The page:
Changes coming to Westport's Mill Street

KANSAS CITY, Mo. - Changes are coming to a portion of Westport. Local design and planning firm Gould Evans will be repainting a portion of Mill Street to make it more pedestrian friendly.

Volunteers will be out bright and early Saturday to do the work.

"It's really a supply and demand issue," said Kim Kimbrough, executive director for Westport. "There are way more pedestrians then there are cars. Wouldn't we be better off taking care of the pedestrians?"

The changes will include taking out the center turn lane on Mill Street near Westport Road.

"We're leaving the sidewalk as it is," said Robert Whitman, landscape architect at Gould Evans. "What we're going to do is paint out an amenities zone that buffers those pedestrians from the fast moving traffic."

The plan is to then add 20 new parking places beside that zone.

"Parking is a real important commodity in Westport," said Whitman. "So being able to add parking and making it a more pedestrian environment is key to this project."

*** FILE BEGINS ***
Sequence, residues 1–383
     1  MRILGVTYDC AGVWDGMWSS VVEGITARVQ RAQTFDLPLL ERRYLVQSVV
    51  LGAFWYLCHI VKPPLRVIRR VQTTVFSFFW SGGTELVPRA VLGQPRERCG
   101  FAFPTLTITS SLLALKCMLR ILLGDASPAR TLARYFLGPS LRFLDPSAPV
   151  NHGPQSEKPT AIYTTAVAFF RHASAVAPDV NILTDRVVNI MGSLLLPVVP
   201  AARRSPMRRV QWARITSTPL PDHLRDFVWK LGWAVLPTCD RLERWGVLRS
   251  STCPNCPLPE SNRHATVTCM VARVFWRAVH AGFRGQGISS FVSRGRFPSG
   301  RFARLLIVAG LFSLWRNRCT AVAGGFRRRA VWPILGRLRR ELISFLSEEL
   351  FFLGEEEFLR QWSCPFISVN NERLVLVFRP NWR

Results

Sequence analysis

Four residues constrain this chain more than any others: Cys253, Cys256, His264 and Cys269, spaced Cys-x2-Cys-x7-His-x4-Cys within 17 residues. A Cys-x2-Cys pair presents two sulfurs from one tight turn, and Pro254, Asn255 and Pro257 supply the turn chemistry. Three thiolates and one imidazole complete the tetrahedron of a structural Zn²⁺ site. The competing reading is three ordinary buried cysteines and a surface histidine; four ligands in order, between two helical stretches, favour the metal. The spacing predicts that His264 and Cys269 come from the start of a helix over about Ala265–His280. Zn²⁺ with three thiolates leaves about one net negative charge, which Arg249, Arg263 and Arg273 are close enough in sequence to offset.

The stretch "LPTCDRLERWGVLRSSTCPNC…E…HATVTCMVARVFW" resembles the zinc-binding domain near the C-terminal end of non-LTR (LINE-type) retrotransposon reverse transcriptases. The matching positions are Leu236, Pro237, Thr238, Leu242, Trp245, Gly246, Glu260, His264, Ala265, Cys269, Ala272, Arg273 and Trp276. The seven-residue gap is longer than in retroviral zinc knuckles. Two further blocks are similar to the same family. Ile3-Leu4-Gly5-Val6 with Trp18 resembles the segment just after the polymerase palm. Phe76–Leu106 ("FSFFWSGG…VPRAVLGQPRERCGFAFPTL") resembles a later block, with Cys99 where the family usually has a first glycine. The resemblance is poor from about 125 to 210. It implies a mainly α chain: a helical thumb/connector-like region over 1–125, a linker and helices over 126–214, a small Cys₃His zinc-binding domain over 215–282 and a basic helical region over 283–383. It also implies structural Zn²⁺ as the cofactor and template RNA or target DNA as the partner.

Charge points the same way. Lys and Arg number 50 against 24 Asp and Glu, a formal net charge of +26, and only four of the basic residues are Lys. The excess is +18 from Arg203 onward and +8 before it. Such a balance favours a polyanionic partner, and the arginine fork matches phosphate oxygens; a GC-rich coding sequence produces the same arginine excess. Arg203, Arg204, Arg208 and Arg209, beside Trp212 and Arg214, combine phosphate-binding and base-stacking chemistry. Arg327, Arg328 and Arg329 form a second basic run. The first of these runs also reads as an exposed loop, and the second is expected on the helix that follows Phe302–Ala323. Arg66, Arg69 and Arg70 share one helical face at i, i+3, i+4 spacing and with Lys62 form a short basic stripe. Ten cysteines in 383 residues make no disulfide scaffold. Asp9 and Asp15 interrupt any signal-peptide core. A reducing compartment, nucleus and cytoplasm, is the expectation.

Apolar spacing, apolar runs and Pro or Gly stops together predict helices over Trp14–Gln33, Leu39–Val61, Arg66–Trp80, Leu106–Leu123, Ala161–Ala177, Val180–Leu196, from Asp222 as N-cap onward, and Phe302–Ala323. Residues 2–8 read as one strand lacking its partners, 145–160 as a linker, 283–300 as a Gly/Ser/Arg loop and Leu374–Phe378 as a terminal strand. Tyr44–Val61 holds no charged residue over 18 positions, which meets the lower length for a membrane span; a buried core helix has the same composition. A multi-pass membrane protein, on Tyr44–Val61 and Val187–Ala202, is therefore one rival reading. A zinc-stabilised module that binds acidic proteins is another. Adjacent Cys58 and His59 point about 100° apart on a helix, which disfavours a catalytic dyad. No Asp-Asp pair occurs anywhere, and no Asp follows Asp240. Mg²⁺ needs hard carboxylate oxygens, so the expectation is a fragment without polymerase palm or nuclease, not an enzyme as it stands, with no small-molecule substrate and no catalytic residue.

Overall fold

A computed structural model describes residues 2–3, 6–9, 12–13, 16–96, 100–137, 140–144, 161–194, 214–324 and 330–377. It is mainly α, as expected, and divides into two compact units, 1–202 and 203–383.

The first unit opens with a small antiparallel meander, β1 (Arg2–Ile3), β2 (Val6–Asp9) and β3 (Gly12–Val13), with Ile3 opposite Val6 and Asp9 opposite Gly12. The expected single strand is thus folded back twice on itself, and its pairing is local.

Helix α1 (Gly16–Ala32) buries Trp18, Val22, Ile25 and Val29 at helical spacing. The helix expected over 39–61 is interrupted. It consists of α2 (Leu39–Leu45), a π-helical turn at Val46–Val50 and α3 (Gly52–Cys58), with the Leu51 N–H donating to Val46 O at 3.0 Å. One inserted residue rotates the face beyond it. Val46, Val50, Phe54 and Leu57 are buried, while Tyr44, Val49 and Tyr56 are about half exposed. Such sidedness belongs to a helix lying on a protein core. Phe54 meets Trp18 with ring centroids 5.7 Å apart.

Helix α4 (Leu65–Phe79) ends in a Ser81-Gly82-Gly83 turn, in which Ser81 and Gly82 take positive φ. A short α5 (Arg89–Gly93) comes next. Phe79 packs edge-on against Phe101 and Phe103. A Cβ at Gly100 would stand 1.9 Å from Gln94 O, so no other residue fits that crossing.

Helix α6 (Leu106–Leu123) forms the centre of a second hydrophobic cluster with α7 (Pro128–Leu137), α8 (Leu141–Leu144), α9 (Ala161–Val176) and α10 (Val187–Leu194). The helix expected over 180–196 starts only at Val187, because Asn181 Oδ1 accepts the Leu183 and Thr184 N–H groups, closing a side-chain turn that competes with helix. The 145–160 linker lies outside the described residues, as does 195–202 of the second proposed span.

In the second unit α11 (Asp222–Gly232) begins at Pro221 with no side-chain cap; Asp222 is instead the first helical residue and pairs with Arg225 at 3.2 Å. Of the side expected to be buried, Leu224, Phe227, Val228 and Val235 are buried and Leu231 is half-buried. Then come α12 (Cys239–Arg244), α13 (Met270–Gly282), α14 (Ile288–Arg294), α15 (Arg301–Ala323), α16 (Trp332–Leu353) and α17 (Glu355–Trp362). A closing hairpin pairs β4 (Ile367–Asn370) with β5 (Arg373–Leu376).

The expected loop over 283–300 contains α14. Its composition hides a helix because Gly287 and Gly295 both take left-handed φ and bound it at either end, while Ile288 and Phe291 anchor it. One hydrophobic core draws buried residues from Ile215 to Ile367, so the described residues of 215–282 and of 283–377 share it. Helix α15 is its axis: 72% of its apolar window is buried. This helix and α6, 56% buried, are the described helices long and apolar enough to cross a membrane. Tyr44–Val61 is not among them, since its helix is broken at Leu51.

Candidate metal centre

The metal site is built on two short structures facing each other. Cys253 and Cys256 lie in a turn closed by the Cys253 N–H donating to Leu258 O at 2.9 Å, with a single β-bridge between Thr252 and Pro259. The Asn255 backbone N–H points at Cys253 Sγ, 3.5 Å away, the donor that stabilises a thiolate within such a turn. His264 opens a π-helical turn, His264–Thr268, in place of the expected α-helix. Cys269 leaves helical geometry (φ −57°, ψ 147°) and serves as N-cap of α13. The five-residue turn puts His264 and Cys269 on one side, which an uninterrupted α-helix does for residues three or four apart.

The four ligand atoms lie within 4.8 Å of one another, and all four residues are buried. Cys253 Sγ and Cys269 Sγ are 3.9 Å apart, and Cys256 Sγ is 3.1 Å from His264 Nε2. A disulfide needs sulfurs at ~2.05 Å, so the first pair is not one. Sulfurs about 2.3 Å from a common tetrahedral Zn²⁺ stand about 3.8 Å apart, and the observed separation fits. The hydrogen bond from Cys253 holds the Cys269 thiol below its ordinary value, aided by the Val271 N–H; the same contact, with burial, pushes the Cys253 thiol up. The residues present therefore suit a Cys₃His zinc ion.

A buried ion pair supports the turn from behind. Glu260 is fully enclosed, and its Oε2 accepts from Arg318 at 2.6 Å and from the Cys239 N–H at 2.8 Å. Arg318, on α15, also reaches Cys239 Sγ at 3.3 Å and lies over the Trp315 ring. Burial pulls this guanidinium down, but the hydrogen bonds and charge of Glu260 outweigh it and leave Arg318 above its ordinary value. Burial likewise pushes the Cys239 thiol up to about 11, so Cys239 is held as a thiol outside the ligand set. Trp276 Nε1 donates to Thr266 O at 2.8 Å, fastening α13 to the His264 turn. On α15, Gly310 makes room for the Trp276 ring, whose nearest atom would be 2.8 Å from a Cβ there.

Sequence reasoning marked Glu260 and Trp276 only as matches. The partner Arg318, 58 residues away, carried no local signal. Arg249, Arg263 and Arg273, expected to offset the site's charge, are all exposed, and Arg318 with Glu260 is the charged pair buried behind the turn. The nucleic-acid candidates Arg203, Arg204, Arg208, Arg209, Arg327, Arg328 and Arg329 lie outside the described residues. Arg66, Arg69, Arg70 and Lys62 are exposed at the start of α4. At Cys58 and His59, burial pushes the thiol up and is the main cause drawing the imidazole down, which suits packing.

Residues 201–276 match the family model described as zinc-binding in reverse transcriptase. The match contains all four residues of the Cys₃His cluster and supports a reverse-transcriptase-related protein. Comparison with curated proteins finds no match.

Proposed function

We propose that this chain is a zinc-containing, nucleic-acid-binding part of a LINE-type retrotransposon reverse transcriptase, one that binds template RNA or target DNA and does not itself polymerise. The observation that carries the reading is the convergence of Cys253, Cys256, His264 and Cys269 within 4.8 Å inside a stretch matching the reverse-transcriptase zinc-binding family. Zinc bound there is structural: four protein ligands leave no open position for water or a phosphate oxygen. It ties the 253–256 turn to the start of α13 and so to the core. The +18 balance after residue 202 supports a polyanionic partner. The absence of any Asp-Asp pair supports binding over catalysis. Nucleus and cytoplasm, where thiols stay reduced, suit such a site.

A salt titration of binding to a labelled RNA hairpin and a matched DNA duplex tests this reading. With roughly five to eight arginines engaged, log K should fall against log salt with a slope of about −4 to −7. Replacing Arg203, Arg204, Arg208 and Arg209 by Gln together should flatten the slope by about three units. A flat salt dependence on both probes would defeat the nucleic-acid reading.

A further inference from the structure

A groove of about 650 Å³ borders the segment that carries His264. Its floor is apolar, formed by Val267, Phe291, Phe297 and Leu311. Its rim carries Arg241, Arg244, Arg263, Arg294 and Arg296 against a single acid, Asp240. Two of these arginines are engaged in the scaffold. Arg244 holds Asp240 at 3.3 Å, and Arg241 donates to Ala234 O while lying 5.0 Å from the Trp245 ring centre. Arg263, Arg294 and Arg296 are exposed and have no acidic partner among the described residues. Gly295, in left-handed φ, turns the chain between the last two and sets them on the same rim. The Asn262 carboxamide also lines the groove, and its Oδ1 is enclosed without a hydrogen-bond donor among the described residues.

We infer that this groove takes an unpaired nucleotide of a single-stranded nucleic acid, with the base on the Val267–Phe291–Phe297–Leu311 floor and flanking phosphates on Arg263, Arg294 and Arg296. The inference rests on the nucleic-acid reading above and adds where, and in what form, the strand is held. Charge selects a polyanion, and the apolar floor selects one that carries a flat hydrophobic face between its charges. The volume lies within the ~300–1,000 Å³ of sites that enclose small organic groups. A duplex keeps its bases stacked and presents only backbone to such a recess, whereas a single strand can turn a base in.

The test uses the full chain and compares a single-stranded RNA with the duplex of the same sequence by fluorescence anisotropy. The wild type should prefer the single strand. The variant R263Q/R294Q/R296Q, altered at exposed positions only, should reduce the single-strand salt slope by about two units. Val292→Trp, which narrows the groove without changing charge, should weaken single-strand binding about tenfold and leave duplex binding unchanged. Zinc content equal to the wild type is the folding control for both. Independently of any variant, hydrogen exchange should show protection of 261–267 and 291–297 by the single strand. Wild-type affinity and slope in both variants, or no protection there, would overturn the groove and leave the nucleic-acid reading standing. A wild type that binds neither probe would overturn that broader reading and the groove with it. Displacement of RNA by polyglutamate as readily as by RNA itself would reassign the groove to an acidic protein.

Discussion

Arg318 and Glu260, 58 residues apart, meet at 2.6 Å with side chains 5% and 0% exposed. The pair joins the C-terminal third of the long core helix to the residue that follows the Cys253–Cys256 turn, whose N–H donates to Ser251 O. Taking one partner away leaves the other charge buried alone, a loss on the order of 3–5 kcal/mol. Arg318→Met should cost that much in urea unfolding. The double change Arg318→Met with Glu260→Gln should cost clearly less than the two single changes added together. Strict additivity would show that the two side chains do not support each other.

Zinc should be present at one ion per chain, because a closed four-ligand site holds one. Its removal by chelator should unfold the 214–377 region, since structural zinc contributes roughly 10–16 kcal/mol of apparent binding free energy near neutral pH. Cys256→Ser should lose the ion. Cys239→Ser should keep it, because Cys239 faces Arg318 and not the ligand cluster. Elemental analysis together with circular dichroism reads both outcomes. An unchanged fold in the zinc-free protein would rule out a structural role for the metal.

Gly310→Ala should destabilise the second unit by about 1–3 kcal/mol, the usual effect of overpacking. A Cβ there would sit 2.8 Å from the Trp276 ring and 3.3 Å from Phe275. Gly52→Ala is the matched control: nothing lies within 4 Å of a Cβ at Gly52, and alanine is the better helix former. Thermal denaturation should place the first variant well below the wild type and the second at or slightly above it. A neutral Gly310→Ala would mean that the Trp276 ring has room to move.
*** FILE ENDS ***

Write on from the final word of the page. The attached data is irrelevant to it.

The north and southbound lanes will also be reduced to 10-foot lanes from the current 14-foot lanes.

The city will also be changing two intersections in the area to 4-way stops. Those include the intersection of Mill Street/Westport Road and Pennsylvania/Westport Road.

"This is a 12 month temporary project," said Whitman. "The goal is for everyone to see how well it's working and our hope is that it's going to work really well and that everyone is going to love it. Then the goal down the road is that we make it permanent and enhance these changes that are temporary to really create permanent changes in Westport."

"This is really going to change the dynamics of this part of Westport," said Kimbrough. "It's going to make it way more pedestrian oriented, it's going to make it safer for pedestrians to cross the street and use the intersection."

A small portion of Mill Street on both sides of Westport will be closed Saturday morning for volunteers to repaint the lines on the street. Gould Evans leaders hope the project will be done in four hours. 



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